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Mark Atwood
fallenpegasus
fallenpegasus
Another day, another 30 crunches.
Third day at the gym, right after work.

Twenty minutes on the stationary bike while hitting my target of 121 bpm wasn't too bad, but when I got on the ab board, I couldn't do so much as one single situp. And I tried. Finally two particular muscles on the sides of my abs said "We may not be able to kill you, but we can make you wish you were dead, if you keep trying that." So I gave up, and did 3 times 10 upper crunches instead.

And I freely admit that a major motivation for all this effort is physical vanity. I started my fake `n bake sessions today, starting at 6 minutes. Hopefully about the time a drop a waist size, I'll also be not quite so dead-fish white.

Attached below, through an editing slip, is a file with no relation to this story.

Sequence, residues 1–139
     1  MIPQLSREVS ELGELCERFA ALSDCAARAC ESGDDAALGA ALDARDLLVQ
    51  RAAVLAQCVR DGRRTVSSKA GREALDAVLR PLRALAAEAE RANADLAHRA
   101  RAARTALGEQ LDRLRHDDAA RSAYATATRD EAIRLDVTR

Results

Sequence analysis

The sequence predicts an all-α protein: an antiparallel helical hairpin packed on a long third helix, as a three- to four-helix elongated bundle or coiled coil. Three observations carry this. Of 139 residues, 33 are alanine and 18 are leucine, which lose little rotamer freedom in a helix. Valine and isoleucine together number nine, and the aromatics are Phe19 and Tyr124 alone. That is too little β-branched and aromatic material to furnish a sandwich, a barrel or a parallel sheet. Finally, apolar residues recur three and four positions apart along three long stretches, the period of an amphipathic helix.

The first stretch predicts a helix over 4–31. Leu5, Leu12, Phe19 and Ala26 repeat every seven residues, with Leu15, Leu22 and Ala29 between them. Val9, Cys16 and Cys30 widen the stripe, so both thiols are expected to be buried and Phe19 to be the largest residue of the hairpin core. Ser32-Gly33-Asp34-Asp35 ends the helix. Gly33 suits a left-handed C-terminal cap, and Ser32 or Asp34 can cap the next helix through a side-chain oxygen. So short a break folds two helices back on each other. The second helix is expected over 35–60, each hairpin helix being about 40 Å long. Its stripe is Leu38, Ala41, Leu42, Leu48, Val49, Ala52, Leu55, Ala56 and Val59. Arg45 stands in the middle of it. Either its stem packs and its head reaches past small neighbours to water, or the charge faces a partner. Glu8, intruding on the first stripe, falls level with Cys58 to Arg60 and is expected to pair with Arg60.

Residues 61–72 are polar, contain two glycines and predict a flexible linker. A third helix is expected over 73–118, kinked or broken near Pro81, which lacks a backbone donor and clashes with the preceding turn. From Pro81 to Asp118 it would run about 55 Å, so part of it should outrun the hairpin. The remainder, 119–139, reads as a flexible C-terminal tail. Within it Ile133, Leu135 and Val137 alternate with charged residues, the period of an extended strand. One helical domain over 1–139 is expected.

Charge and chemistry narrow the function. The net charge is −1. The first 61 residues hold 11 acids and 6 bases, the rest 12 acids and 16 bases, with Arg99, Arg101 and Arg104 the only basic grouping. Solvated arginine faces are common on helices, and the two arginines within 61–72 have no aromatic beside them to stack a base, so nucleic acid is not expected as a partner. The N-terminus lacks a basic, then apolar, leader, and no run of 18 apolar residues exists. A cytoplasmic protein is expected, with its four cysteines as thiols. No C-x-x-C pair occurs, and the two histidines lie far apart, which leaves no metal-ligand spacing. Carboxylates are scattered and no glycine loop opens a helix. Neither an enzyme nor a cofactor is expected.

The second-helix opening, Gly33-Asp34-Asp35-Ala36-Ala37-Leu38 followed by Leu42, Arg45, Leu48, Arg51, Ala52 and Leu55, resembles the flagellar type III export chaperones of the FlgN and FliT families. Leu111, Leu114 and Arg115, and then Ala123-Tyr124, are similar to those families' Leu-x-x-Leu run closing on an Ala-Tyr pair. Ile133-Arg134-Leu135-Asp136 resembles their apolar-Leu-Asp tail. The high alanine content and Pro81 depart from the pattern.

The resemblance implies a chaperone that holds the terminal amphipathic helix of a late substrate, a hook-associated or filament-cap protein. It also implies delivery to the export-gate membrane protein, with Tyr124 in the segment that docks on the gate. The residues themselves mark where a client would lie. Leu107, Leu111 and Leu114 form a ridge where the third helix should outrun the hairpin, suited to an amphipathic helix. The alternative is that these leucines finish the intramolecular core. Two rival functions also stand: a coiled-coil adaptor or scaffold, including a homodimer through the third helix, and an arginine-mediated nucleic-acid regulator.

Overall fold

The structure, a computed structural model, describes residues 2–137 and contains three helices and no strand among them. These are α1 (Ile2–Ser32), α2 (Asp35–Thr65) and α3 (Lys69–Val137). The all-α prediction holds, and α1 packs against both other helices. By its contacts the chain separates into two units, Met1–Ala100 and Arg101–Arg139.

This weekend, I think, will be shopping for a good bathroom scale and some sort of cheap easy to use heartrate monitor. Does such a thing exist? Any advice?

Current Mood: sore sore

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Comments
simonb From: simonb Date: March 13th, 2003 03:00 am (UTC) (Link)
Training is fun - in the six months I've been going to gym on a regular basis (three times a week) I've noticed that I am getting fitter. My cardio training is going well and the resistance stuff is getting better and better. The last time I had a fitness test I was limited by my legs not being strong enough rather than my body saying "Enough already!"

Keep up the good work; it does take time to see results with abs work, but its definately worth the effort :)
agrumer From: agrumer Date: March 14th, 2003 09:39 pm (UTC) (Link)
I've got a low-end Polar heartrate monitor, the A3 I think; I can't quite figure out where I packed it. I think it cost in the $80-100 range, and it's pretty easy to use. Polar seems to be the standard; lots of gym equipment will pick up the chestband's signal and do things with it (everything from just show it to you on the big digital display to treadmills that'll adjust the tilt to keep your heartrate within a certain range).
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